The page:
Blake Oliver: [00:28:48] Yeah, he's a food manufacturer. He's got plenty of work. He's an essential business. It's not getting shut down. People are buying food at grocery stores.
David Leary: [00:28:55] Under normal circumstances, this would be considered fraud, but there's no wording in the application that prohibits such behavior.
Blake Oliver: [00:29:01] Right, because the only thing you have to certify to- 
David Leary: [00:29:04] You just get the loan. 
Blake Oliver: [00:29:04] -the specific language is, "Current economic uncertainty makes this loan request necessary to support the ongoing operations of the applicant." Virtually any business in this economic environment can claim economic uncertainty. I mean, this guy has a food manufacturing business. He hasn't seen the economic impact hit him yet, but it could. Who knows what's gonna happen in a few months? If he deems that it's necessary to support the ongoing operations of his business, who's gonna argue with him? So, everybody is applying for this money.
[00:29:39] Then, you've got politicians who are now saying, "Oh, if you apply for this money, and you didn't really need it, the government's gonna come down on you. Marco Rubio was making- I just think they're idiotic statements in that regard. It's obviously not gonna happen. What are you gonna do? Go after 2.6 million businesses?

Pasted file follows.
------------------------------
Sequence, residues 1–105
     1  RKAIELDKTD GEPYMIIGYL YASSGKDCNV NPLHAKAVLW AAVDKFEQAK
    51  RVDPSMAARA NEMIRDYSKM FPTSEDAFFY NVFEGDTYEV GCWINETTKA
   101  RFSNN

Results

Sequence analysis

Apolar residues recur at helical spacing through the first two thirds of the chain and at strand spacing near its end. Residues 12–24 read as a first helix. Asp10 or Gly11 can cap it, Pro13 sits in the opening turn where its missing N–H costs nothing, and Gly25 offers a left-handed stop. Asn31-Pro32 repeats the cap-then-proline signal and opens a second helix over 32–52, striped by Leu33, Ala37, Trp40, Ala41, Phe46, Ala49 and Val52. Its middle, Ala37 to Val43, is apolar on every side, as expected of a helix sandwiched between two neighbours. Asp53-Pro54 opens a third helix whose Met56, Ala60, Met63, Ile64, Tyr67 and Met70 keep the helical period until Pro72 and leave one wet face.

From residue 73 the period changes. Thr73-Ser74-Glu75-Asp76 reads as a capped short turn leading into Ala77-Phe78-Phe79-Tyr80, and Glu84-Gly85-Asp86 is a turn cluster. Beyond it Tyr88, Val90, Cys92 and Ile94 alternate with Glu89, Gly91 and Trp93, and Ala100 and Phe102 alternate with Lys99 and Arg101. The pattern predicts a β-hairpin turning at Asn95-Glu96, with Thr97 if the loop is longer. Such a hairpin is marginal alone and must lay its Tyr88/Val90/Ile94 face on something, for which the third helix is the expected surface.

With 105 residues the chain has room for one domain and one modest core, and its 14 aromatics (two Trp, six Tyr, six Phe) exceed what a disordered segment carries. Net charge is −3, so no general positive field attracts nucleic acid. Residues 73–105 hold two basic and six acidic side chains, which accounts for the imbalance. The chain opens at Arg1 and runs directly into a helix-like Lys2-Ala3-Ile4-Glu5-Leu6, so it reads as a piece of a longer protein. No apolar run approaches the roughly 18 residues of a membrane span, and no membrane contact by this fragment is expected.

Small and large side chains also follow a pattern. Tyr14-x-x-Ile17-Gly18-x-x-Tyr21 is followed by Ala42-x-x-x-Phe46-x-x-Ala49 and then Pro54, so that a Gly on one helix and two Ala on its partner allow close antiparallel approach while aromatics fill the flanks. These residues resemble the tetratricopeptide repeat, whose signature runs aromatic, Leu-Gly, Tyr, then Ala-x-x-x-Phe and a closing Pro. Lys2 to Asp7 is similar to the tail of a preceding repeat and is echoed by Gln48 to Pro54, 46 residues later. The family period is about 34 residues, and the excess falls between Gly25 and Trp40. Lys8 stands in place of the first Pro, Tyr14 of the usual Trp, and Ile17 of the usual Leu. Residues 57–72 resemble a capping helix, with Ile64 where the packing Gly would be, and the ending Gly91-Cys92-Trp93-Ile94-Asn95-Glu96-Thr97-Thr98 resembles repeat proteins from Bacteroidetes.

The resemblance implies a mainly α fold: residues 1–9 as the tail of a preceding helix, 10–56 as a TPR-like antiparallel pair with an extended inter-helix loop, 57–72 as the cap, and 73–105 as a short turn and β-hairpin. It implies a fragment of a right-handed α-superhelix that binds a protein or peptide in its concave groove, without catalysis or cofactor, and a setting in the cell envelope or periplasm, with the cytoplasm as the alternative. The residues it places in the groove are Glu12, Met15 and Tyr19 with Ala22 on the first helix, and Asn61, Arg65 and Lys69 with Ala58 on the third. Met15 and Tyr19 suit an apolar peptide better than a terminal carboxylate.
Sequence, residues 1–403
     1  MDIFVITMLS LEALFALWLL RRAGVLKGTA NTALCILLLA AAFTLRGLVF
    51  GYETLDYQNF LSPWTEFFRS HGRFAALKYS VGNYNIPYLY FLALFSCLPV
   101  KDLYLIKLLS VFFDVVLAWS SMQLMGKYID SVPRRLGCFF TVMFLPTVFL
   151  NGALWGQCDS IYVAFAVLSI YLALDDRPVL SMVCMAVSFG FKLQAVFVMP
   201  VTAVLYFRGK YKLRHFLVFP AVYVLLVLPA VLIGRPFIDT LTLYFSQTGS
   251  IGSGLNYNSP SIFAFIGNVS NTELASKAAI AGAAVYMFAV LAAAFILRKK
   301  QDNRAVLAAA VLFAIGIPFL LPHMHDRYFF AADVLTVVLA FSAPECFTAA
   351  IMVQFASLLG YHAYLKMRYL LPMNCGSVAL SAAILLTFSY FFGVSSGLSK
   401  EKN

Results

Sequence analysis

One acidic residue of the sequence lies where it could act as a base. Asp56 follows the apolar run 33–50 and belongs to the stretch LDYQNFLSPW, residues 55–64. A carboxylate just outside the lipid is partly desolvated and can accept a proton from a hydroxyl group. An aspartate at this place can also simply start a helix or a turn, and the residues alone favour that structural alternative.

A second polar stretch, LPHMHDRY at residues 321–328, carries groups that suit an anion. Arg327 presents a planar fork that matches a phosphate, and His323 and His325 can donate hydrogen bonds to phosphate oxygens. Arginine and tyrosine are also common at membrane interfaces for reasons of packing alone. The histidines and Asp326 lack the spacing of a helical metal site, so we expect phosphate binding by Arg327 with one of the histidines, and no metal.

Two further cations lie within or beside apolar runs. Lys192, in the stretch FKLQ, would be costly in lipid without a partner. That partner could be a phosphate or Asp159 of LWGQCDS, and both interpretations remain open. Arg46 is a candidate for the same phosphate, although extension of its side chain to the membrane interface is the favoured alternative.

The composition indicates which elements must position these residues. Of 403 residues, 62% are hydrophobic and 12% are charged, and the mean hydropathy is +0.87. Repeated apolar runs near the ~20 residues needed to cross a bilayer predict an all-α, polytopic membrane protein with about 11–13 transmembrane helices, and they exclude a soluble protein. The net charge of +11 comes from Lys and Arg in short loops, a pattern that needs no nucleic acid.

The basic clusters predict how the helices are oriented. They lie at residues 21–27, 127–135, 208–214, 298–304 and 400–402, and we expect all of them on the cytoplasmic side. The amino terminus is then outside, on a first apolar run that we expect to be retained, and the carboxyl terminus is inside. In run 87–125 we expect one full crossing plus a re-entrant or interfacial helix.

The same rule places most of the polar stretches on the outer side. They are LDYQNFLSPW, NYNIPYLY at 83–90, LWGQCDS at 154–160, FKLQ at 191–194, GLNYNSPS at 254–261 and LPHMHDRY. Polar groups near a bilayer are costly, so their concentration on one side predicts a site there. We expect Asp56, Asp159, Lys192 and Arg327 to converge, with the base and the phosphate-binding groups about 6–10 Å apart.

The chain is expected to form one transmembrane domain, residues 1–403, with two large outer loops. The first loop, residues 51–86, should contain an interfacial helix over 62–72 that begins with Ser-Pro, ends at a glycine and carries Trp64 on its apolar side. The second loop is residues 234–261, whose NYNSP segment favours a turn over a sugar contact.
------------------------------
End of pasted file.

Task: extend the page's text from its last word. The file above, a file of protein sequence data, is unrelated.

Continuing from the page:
David Leary: [00:29:55] No, they're gonna go after six ... You know, the Shake Shacks. They'll have some example ones, and the narrative will be written like, "Oh, look, we went and got this money back for you." Trump's a hero, or whoever went and did this. But that's not the reality. The rest of these companies, like you already said, they haven't returned anything, and they probably won't because there's no reason to. There's no penalty if you keep it.
Blake Oliver: [00:30:15] Yeah, you can't ... Yeah, legally, they're totally in the clear, if you ask me. It would be really hard to prosecute this, so they're not going to, and there's just too many to do, anyway. It's just not gonna help all that much. There are zero jobs that that $3.4 million loan, for this guy, is gonna save. So, that's just $3.4 million that he gets for free from taxpayers. Is that gonna stimulate the economy? Who knows? Maybe.